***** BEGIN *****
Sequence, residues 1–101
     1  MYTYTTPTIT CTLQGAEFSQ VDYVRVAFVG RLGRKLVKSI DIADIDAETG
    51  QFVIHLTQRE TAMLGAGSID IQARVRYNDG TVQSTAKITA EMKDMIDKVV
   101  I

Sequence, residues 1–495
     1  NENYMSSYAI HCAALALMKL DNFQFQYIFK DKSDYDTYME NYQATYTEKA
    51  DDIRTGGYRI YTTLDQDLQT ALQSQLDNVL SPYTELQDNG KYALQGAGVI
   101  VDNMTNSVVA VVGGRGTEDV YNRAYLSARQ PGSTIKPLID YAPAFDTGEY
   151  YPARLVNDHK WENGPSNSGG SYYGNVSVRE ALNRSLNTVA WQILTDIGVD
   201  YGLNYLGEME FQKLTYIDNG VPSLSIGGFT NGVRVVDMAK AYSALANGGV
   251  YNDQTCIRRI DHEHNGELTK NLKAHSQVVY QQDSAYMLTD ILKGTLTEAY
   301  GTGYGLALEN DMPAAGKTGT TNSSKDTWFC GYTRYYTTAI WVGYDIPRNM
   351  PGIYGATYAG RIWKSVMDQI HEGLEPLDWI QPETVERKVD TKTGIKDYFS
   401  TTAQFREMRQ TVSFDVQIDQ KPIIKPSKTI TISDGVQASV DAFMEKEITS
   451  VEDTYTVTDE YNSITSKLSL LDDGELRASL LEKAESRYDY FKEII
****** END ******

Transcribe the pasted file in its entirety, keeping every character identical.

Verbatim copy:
Sequence, residues 1–101
     1  MYTYTTPTIT CTLQGAEFSQ VDYVRVAFVG RLGRKLVKSI DIADIDAETG
    51  QFVIHLTQRE TAMLGAGSID IQARVRYNDG TVQSTAKITA EMKDMIDKVV
   101  I

Sequence, residues 1–495
     1  NENYMSSYAI HCAALALMKL DNFQFQYIFK DKSDYDTYME NYQATYTEKA
    51  DDIRTGGYRI YTTLDQDLQT ALQSQLDNVL SPYTELQDNG KYALQGAGVI
   101  VDNMTNSVVA VVGGRGTEDV YNRAYLSARQ PGSTIKPLID YAPAFDTGEY
   151  YPARLVNDHK WENGPSNSGG SYYGNVSVRE ALNRSLNTVA WQILTDIGVD
   201  YGLNYLGEME FQKLTYIDNG VPSLSIGGFT NGVRVVDMAK AYSALANGGV
   251  YNDQTCIRRI DHEHNGELTK NLKAHSQVVY QQDSAYMLTD ILKGTLTEAY
   301  GTGYGLALEN DMPAAGKTGT TNSSKDTWFC GYTRYYTTAI WVGYDIPRNM
   351  PGIYGATYAG RIWKSVMDQI HEGLEPLDWI QPETVERKVD TKTGIKDYFS
   401  TTAQFREMRQ TVSFDVQIDQ KPIIKPSKTI TISDGVQASV DAFMEKEITS
   451  VEDTYTVTDE YNSITSKLSL LDDGELRASL LEKAESRYDY FKEII